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Motorists Mistake Your Legal Cycling Rights

Bikes chained to bike stands
26th September 2013

Cycling organisations believe that the key to transforming road safety culture is changing motorist negative attitudes towards cyclists. Naturally, motorists disagree and are often heard ranting that cyclists “don’t pay road tax, jump red lights and shouldn’t even really be on the road, end of..."

Quite apart from the fact that road tax was replaced in 1937 by Vehicle Excise Duty and fewer than one in every 50 serious cycling incidents were caused by a cyclist ignoring a red light, defendants in bicycle accident claims constantly and often mistakenly refer to “illegal” cycling behaviour as the reason why an accident occurred.

Fragile safety...

Between 2012/13, cycling injuries increased for the eighth consecutive year, by 4 per cent to 3,222, and cycling deaths hit a five-year high of 122. Lorries and vans together are responsible for more than a quarter of all cyclist fatalities. So rather than deliberately ignoring the law, as  a motorist might see it, cyclists may adopt perfectly legal riding positions and behaviour aimed at improving their fragile safety in the unforgiving rush hour traffic. 

Motorists will sound their horn, flash their lights and wave their hands around in self-righteous indignation at any perceived infringement of their right of way or when they see a cyclist “getting away with it”.

Two abreast...

But is the cyclist making an “illegal” move when he rides alongside another cyclist or is travelling more than three feet away from the edge of the road? According to the Highway Code, riding “two abreast” is legal (although the maximum number allowed) except when riding on narrow, busy roads or round bends.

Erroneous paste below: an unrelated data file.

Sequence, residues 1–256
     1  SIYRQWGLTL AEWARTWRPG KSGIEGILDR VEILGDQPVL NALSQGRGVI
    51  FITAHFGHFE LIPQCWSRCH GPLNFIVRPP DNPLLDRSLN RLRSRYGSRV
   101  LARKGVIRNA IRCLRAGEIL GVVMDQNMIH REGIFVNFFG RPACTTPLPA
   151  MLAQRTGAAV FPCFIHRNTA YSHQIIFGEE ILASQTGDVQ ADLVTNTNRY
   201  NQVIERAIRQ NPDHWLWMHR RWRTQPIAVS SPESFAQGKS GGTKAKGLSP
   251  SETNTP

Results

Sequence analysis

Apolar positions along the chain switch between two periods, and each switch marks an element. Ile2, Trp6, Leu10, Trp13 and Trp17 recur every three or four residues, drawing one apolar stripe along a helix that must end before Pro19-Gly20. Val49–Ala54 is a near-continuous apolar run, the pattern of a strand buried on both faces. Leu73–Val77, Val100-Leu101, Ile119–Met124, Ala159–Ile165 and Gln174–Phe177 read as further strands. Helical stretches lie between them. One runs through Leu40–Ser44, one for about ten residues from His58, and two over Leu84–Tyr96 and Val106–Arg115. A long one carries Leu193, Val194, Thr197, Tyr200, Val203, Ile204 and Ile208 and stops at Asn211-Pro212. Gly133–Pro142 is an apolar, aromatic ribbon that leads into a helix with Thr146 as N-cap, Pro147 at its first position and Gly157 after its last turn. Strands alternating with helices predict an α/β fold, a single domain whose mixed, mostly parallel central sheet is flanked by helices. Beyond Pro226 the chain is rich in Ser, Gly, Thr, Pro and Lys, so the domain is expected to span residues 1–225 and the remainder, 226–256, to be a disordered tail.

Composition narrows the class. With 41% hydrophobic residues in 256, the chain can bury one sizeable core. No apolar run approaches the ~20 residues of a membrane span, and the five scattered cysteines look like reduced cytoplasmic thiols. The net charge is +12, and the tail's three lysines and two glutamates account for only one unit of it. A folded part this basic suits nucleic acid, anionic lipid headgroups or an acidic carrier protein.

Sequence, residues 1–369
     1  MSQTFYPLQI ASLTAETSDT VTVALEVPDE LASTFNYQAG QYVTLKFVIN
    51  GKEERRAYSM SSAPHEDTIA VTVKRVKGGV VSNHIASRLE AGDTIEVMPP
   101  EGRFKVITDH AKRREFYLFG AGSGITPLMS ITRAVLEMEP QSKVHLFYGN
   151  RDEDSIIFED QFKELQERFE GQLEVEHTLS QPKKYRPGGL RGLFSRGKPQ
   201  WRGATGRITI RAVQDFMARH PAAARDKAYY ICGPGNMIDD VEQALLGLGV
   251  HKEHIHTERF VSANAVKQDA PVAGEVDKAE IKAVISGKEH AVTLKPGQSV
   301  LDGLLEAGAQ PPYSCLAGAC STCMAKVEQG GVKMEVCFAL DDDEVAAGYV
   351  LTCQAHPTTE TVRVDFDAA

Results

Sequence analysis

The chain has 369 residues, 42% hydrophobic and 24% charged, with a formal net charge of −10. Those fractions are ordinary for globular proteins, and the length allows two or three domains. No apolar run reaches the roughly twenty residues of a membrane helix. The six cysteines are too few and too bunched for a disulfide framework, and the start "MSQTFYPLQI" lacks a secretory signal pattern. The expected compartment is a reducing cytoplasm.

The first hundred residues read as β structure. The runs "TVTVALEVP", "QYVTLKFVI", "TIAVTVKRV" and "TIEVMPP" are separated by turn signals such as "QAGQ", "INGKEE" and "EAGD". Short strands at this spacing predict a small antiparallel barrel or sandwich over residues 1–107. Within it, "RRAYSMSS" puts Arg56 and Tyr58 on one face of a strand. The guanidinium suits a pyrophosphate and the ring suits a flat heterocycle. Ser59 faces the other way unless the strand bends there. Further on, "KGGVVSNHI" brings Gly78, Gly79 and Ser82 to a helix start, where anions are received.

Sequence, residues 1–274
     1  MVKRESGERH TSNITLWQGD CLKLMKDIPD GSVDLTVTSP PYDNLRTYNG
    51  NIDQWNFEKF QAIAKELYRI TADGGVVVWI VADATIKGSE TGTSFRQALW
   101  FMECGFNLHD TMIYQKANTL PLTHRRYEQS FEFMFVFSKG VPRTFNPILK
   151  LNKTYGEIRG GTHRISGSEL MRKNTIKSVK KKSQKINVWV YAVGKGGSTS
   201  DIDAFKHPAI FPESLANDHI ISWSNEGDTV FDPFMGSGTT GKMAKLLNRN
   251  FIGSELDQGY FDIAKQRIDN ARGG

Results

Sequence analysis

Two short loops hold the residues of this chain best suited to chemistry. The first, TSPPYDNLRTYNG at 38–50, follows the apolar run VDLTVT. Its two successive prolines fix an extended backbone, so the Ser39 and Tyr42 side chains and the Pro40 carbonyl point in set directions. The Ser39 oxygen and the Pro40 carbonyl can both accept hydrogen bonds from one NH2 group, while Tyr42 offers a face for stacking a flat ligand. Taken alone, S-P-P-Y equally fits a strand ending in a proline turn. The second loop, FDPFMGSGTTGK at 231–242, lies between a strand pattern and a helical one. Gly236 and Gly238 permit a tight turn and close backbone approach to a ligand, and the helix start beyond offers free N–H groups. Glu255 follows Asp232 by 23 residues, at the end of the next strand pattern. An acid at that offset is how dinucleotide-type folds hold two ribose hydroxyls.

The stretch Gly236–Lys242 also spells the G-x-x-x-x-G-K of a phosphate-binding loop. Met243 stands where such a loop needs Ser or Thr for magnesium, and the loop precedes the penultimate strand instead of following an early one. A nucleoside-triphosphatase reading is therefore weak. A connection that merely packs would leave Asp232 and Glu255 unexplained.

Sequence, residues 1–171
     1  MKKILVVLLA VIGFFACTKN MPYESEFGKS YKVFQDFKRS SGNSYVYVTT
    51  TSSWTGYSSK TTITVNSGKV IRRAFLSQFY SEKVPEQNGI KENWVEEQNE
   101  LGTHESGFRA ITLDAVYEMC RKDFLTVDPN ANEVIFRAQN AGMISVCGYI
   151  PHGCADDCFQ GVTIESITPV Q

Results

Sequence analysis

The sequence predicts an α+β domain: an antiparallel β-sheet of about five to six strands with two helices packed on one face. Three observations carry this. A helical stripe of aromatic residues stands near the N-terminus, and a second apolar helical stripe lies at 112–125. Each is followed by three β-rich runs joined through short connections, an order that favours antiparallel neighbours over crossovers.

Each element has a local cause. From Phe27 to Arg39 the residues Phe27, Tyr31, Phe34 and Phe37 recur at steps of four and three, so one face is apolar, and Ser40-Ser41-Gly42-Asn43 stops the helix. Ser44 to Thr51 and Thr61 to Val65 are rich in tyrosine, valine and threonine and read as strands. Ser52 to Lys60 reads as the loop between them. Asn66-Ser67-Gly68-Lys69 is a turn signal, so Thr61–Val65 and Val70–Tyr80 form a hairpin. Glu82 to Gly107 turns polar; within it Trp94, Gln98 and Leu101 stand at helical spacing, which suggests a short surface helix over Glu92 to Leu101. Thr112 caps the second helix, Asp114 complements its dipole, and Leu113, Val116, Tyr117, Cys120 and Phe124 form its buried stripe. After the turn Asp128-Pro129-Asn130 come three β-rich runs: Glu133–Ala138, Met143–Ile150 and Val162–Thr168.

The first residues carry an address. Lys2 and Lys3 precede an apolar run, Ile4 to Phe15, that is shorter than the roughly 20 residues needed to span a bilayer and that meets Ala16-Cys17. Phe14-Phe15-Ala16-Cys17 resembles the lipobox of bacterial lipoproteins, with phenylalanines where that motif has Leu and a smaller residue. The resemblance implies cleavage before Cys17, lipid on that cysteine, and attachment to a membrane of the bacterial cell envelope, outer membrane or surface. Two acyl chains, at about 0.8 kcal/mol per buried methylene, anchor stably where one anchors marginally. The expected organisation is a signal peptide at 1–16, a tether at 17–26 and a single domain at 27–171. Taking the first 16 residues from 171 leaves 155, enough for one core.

Road positioning...

Likewise, there is no law which states where on the road a cyclist must be positioned other than to cycle “well clear of the kerb” with 1 metre in from centre of the left lane being the best position. Cyclists know that they need to constantly be seen by motorists, especially when overtaking and turning left at junctions. In slow-moving traffic, the Highway Code advises motorists “to be aware of cyclists and motorcyclists who may be passing on either side.” 

Cyclists are legally entitled to ride on dual carriageways, in most bus lanes and in the “middle of a lane” unless it is specifically signposted otherwise. However, it is illegal to cycle on the pavement unless it is marked as a “shared use” cycle path but it is legal to cycle on a footpath away from a road, unless prohibited. Use of designated cycle lanes is actually not compulsory but as cycling infrastructure improvements currently underway across the UK are completed, cyclists will be encouraged to use them and feel safer doing so.

Red lights and cycle boxes...

Although very rarely the cause of road accidents,  yes - cyclists must obey and stop at red lights, although it has been suggested the UK might change the law and adopt the model operating in some EU countries where cyclists are allowed to filter left at a red light.

In the meantime, plans were announced earlier this year to crack down on vehicle drivers who stop in cycle boxes at traffic lights with increased fines of £60 and three penalty points.

Cyclists can’t get away from the motorist quick enough, apparently...